RELAP5 code analysis was performed to validate the code predictability by using ROSA/LSTF experiment data that simulated a PWR vessel upper head small break loss-of-coolant accident (SBLOCA) with a break equivalent to 1% cold leg break. The JAEA-modified RELAP5/MOD18.104.22.168 code was used by incorporating a break model that employs maximum bounding flow theory with a discharge coefficient (Cd) of 0.61 for two-phase break flow. In the experiment, liquid level in the upper head was found to control break flow rate as coolant in the upper plenum entered the upper head through control rod guide tubes (CRGTs) until the penetration holes at the CRGT bottom were exposed to steam in the upper plenum. The upper head noding and flow paths between the upper plenum and the CRGT were thus modeled to simulate well the liquid level and coolant flow around the upper portion of pressure vessel. The code, however, overpredicted the break flow rate due to the underprediction of break-upstream void fraction especially during two-phase flow discharge period. Cd for two-phase break flow was thus adjusted to be 0.58. Effects of break area on the core cooling were investigated further. The parameter analyses showed that peak cladding temperature (PCT) is the maximum at 1% break case, while the PCT would be lower than 1200 K in the larger break size cases because vapor condensation on injected accumulator coolant induces loop seal clearing and effectively enhances core cooling thereafter.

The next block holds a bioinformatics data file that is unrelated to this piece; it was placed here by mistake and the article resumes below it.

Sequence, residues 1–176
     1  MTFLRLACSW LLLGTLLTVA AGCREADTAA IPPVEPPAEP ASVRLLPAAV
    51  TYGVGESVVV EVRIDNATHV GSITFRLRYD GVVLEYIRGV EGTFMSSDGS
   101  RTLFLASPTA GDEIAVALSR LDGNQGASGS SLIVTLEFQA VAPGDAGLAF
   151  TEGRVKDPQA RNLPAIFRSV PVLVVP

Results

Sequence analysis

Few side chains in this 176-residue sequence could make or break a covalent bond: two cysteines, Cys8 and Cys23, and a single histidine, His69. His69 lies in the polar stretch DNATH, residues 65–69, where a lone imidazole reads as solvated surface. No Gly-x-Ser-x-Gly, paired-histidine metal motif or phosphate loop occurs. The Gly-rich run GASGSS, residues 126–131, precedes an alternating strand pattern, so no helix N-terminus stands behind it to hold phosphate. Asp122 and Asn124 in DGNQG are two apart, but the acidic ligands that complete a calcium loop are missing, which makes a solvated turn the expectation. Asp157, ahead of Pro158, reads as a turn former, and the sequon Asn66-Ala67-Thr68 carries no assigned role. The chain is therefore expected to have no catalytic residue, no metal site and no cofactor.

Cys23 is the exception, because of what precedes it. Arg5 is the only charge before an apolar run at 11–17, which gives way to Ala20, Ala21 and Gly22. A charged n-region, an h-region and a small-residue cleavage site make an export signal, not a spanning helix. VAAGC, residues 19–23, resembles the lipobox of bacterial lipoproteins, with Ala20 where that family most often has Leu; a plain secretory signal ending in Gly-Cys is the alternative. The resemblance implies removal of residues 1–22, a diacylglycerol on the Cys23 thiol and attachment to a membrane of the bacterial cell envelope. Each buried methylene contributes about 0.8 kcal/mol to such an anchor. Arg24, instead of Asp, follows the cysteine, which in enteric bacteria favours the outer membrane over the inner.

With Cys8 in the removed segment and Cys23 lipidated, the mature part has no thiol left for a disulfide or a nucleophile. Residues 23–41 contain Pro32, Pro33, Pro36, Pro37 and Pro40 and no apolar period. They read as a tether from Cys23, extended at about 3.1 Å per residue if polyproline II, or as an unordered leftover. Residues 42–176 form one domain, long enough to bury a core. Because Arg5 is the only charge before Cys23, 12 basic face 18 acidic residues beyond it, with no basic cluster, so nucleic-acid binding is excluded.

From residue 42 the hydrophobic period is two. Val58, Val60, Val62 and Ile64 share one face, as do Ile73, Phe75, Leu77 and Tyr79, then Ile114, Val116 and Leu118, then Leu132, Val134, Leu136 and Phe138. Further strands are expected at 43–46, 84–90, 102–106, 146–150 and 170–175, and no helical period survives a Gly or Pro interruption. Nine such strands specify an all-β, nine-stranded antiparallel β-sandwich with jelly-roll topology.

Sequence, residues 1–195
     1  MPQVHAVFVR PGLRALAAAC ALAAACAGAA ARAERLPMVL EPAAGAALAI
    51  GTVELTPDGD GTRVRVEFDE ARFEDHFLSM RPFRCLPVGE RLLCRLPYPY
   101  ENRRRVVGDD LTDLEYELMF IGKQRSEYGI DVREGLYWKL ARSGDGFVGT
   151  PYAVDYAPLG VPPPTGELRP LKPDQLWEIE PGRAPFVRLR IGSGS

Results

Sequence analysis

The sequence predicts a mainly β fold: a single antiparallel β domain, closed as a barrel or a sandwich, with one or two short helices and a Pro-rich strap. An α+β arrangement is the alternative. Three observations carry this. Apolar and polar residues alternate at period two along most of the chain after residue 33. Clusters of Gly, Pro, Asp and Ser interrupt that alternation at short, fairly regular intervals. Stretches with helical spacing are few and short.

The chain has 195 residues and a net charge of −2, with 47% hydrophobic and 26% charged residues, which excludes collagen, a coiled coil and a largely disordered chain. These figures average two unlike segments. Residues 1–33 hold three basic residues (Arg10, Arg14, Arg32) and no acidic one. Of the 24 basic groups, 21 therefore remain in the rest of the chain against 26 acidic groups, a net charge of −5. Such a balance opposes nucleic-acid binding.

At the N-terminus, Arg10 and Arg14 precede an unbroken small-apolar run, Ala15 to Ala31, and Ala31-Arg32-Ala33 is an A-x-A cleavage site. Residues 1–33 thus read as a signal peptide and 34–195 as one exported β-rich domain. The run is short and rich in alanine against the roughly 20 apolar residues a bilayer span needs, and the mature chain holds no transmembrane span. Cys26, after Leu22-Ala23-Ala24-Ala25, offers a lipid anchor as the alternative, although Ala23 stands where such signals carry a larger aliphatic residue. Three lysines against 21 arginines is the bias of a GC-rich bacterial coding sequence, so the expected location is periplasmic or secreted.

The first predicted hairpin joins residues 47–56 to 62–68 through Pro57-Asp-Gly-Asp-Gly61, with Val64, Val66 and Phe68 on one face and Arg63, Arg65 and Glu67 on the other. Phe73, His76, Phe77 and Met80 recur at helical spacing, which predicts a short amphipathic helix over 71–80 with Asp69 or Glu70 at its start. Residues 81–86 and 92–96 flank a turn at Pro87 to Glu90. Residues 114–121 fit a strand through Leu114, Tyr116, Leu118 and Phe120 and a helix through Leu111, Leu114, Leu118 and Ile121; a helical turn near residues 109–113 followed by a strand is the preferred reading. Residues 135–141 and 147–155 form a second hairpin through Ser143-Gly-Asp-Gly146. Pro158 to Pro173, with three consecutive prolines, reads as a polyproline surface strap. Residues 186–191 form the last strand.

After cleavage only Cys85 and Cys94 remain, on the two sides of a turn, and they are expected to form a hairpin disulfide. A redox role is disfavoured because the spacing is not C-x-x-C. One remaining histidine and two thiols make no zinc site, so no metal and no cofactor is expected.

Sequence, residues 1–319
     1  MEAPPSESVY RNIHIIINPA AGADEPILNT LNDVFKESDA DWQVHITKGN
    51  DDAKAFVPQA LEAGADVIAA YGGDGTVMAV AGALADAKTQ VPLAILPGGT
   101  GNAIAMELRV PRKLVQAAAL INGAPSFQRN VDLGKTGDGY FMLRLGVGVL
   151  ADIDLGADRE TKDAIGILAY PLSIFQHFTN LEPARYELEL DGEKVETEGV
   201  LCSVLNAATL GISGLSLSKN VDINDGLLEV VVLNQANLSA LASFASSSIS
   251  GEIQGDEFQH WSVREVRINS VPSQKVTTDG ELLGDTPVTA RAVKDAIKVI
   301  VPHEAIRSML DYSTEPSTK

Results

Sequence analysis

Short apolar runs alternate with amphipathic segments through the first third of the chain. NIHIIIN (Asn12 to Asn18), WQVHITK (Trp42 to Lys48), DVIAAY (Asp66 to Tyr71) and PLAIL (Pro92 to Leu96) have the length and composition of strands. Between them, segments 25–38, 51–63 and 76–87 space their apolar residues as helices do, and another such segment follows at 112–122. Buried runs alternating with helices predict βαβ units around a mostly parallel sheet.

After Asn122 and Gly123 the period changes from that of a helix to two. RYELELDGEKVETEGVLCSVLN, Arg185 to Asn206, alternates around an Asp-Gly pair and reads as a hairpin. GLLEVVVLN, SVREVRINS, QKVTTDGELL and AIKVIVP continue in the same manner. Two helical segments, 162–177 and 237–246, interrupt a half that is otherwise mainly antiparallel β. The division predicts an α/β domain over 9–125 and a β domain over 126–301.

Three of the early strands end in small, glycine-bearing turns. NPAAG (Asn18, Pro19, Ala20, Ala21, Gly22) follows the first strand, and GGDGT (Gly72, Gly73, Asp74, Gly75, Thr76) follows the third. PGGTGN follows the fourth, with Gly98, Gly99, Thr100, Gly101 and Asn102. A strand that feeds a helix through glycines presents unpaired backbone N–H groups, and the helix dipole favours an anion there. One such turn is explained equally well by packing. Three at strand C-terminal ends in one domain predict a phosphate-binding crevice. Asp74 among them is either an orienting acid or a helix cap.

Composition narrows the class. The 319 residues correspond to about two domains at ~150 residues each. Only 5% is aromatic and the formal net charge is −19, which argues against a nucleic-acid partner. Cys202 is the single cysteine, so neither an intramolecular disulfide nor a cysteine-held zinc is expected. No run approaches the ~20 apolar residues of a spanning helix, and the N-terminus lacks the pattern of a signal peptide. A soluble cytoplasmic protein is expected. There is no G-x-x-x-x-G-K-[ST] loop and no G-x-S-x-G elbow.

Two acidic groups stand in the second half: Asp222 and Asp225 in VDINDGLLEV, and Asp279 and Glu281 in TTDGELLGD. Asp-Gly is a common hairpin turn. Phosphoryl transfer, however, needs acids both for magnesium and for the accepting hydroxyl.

Suzuki, Mitsuhiro; Takeda, Takeshi; Asaka, Hideaki; Nakamura, Hideo
JAEA-Research 2007-037, 150 Pages, 2007/03
A small break LOCA experiment (SB-PV-06) was conducted at the LSTF of ROSA-V program to study effects of rapid secondary depressuriza-tion action on core cooling as one of accident management (AM) measures for a PWR in case of high pressure injection system failure and non-condensable gas inflow from the accumulator injection system. The break simulated 10 instrument tubes rupture equivalent to 0.2% cold leg break. It was clarified through comparison with former experiments that (1) the depressurization initiated by detecting the vessel level below the primary loop (4545s) was degraded by the gas inflow resulting in whole core uncovery prior to the start of low pressure injection and (2) an alternative start of the depressurization by detecting level decrease at the SG outlet plenum (2330s), would limit the core uncovery suggesting more effective parameter for the AM measures. The report presents the experiment results with the effects of rapid depressurization initiation timing.